Parliament, Wednesday, 09 September 2020 – National Council of Provinces (NCOP) Chairperson Mr Amos Masondo urged participants at the Local Government Week (#LGW2020) yesterday to take some responsibility for the state municipalities are in.
The weeklong #LGW2020 held in partnership with the South African Local Government Association (SALGA) under the theme: “Ensuring Capable and Financially Sound Municipalities”, kicked off yesterday with presentations from the Department of Cooperative Governance and Traditional Affairs, Department of Finance, and the South African Auditor-General.
Speaking at the opening of the four-day virtual #LGW2020 Mr Masondo said: “We … cannot claim innocence, when the Auditor-General makes the critical observation that over the past three years there have been serious weaknesses in the financial management of local government.”
Mr Masondo said the hosting of the Local Government Week gives effect to the constitutional mandate of the NCOP, which ensures that the provincial interests are taken into account in the national sphere of government.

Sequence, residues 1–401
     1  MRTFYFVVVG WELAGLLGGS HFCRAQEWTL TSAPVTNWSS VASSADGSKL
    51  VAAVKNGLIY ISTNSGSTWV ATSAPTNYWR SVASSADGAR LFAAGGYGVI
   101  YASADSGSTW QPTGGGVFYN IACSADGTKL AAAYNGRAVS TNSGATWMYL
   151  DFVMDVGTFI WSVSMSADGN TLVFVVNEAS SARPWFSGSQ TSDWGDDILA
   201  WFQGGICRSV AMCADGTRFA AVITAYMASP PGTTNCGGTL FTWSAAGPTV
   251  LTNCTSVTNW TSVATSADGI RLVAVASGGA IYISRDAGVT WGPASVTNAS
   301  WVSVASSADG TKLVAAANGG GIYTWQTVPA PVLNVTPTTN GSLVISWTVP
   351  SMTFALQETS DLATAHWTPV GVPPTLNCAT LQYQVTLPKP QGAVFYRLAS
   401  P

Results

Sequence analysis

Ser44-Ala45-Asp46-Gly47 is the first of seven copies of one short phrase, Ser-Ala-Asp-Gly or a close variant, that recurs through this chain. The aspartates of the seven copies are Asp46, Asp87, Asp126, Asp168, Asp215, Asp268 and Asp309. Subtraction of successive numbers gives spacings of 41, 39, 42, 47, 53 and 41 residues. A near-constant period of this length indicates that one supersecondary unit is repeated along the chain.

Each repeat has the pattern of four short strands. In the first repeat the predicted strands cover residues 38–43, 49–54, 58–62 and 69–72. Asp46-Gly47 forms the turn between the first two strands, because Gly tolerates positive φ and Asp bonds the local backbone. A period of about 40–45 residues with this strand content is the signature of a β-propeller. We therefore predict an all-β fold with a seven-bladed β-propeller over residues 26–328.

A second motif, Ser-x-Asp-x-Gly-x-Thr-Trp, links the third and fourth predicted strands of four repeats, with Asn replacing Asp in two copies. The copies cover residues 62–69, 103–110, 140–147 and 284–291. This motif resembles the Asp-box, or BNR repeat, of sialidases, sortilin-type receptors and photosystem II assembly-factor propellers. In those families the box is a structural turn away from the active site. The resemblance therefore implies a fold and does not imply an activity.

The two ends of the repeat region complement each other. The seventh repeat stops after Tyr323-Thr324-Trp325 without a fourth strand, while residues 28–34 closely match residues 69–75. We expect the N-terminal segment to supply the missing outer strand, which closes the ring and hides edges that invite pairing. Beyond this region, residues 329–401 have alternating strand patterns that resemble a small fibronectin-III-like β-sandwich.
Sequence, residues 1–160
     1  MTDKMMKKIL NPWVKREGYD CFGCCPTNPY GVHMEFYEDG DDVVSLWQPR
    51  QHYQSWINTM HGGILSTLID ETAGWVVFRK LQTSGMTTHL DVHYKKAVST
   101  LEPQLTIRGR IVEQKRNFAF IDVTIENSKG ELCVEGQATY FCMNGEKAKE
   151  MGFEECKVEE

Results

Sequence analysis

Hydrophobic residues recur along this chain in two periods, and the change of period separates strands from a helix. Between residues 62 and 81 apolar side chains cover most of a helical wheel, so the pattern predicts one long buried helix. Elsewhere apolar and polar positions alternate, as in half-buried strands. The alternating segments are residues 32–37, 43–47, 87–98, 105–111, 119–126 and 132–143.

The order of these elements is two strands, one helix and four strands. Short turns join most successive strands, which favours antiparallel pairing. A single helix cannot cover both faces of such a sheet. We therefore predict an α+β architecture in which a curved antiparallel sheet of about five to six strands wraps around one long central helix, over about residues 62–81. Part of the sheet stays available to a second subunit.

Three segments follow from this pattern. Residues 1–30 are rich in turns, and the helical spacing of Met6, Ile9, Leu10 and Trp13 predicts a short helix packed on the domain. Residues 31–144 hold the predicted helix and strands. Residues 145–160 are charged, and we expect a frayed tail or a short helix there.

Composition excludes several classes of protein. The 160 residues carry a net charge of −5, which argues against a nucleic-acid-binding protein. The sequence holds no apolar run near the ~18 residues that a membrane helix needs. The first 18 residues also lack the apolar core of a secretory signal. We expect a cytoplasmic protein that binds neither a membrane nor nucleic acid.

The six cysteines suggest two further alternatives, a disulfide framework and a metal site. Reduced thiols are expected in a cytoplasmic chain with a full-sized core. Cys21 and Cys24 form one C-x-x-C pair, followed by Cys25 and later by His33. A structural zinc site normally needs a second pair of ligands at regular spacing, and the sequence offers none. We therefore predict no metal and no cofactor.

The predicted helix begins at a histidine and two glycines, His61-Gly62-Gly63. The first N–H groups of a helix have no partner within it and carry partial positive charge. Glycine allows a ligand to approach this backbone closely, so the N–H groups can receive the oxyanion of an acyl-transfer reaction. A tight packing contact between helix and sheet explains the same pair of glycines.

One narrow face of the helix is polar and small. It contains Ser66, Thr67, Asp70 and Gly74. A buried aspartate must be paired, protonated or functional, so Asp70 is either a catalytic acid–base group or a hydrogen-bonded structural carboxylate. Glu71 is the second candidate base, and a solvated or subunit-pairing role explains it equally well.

“As the NCOP we are also charged with the task of making sure that, through organised local government, space is provided for the participation of local government representatives in our proceedings,” he said.
Mr Masondo emphasised that given the NCOP’s character and design, the House is better placed to facilitate co-operative government in a manner that allows local government to receive the necessary support in order to be able to perform its functions effectively.
Addressing the session on the challenges and opportunities of local government in advancing the fundamental tenets of a developmental state, Cooperative Governance and Traditional Affairs Minister, Dr. Nkosazana Dlamini-Zuma said, COVID-19 is amongst the challenges that are putting more pressure and crippling the local government sector further.
“The virus reached our shores when our economy was in decline with unemployment, inequality, and poverty reaching unprecedented highs since democracy. The pedestrian growth we have registered over the past decade simply was not enough to ensure employment and income for a majority of our people,” said Dr. Dlamini-Zuma adding that this, in turn, had an adverse impact on the local sphere of governance with many households struggling to keep up with payments for services.
“This resulted in households owing over R127,7 billion to municipalities at the end of the municipal financial year in June. Slowed business activities, tax evasion and inadequate collection systems resulted in a total debt of R181,3 billion of which R28,9 billion was owed by businesses and R18,1 billion by government in all its spheres at the end of the Municipal Financial Year,” she said.